I have observed that some of these people who claim to not see color, thinking themselves enlightened, prefer the word prejudiced as opposed to racist because, I believe there exists some fear in even uttering the word and acknowledging the concept of racism. Accepting you are racist is the first step to becoming enlightened as far as racial issues go. If you hold an ideal of human harmony, you must admit you are racist, educate yourself and others, and then turn it around so that you can begin to honor diversity. The alternative is to remain in the dark, not seeing color, not wholly seeing the people in the world, and not wholly seeing you.
In A Raisin in the Sun, race also acted a limiting factor on the characters by keeping them confined to only certain kinds of work outside of the home; the characters were more articulate about the effects of race than they were of gender. In A Raisin in the Sun, endured criticism and misunderstanding from Beneatha’s family and her boyfriend because she did not fit into the traditional notion of a woman; she may not be able to fulfill her goal of being a doctor because of what her family expected her to do for them (Lorraine Hansberry, 85).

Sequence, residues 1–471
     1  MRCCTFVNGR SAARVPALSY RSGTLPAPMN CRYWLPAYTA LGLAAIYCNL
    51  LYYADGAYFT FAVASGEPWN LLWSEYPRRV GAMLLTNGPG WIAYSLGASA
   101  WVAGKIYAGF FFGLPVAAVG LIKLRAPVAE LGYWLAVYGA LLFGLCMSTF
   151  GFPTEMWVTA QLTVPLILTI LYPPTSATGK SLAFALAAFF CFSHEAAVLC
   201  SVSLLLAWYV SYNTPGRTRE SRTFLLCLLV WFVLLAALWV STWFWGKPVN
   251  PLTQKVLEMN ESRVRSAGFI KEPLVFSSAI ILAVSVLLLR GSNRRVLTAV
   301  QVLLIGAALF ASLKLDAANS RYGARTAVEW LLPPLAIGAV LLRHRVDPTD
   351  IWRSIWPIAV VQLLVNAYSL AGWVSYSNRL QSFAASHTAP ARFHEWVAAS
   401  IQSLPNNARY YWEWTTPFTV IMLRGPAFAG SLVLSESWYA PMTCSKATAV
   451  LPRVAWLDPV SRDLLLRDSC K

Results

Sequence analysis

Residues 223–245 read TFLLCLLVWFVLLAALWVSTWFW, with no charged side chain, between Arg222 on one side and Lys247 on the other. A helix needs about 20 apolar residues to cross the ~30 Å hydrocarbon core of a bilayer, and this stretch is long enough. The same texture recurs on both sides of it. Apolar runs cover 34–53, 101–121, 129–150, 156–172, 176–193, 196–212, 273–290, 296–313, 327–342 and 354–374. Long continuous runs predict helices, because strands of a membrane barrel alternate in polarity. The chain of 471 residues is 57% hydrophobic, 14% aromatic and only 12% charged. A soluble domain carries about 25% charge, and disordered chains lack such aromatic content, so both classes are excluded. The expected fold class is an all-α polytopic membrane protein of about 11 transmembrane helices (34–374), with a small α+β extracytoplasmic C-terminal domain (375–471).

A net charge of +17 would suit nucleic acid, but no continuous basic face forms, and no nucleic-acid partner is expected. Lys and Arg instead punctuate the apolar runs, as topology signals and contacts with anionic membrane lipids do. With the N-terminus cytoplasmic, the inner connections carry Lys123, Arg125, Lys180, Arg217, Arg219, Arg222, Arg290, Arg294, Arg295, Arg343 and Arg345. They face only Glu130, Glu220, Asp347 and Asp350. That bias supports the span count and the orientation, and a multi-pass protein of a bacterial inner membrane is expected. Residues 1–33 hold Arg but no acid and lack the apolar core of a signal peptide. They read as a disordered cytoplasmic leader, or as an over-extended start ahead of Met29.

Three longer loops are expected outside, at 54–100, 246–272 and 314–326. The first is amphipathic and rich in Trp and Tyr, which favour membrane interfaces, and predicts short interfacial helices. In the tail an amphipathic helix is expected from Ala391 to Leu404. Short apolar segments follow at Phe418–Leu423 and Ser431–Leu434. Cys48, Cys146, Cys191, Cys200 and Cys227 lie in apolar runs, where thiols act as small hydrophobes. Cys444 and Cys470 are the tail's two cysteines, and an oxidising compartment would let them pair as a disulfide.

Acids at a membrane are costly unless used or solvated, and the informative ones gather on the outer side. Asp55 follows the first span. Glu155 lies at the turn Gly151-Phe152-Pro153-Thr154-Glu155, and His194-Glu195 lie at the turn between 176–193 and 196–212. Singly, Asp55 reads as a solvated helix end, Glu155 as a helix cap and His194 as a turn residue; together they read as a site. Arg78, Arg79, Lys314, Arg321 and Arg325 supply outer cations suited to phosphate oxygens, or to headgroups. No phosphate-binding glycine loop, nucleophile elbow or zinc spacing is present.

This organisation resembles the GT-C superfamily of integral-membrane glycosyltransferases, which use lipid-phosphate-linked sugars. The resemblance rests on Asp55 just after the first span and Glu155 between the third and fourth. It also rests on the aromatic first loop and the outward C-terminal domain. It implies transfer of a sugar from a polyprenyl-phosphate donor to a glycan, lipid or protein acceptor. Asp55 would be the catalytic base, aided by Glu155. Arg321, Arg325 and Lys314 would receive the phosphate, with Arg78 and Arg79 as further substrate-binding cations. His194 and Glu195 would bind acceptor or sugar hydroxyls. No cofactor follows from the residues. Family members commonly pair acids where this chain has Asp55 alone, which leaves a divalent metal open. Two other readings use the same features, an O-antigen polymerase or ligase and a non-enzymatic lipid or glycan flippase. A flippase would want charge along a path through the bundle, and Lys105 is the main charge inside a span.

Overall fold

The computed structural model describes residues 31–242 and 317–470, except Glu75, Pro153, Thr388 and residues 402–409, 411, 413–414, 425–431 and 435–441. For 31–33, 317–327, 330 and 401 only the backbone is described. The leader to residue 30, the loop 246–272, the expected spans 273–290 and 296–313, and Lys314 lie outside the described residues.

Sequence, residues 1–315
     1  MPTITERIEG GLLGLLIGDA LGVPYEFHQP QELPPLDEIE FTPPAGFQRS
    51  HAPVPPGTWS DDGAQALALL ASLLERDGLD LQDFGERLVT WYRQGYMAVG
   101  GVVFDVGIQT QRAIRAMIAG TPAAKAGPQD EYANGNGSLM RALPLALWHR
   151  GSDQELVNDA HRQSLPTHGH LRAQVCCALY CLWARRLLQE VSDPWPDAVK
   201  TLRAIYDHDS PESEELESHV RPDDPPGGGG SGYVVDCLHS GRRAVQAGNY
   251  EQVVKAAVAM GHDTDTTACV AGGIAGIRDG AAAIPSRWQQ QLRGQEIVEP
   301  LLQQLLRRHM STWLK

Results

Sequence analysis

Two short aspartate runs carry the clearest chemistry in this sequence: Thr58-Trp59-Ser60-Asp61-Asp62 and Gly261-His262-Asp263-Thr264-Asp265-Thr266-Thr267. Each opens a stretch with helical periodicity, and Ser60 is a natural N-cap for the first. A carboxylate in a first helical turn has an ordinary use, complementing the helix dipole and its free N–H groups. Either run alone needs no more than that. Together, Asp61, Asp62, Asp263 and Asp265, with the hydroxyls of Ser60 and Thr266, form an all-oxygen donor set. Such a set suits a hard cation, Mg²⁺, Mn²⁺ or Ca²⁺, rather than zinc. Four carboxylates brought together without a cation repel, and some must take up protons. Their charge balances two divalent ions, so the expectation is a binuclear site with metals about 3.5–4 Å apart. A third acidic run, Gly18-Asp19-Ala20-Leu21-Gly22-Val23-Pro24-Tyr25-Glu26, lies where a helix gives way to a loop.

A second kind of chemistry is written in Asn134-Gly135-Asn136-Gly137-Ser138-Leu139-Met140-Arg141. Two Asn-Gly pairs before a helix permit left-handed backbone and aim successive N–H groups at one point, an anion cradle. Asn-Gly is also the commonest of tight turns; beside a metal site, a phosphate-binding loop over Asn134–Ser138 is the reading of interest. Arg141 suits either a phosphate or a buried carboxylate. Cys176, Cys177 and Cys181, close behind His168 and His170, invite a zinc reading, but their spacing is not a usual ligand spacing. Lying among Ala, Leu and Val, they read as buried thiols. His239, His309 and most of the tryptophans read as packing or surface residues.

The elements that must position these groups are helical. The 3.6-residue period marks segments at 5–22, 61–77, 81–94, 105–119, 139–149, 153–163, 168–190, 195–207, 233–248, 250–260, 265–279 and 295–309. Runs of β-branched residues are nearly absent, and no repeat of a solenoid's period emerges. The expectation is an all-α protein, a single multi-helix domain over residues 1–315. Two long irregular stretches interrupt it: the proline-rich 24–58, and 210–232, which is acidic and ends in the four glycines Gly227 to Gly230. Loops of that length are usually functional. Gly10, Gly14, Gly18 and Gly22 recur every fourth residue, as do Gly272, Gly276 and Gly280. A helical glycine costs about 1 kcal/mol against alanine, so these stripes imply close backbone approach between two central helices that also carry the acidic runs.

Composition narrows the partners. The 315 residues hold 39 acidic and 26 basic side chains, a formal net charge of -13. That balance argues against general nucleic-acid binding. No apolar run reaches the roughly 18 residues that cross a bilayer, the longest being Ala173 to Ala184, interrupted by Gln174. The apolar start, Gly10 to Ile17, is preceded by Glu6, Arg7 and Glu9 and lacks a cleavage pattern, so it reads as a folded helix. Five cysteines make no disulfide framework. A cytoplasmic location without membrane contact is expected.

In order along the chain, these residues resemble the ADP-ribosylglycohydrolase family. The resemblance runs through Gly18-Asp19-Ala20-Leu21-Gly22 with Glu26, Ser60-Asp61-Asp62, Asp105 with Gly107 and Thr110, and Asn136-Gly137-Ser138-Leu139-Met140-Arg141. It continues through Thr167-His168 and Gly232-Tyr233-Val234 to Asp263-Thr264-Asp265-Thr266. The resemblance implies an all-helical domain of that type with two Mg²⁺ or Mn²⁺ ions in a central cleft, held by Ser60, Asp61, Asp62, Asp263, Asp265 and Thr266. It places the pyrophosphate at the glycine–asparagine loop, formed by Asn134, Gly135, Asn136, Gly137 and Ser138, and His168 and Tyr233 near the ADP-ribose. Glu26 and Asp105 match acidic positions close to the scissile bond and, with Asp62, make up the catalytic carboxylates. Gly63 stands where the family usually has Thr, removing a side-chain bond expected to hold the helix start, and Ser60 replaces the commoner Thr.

Walter Younger in “A Raisin in the Sun” wanted money and wealth, Benetha wanted an education, while their mother wanted the perfect home for them all to live in. While each person in the family had their own dreams, it was mother who was not only more realistic, but wanted to use their new wealth for the entire family not just the personal gain of a single member. It was the strength of the family as a whole that kept them together, and in the end it took much more than money to make the family happy.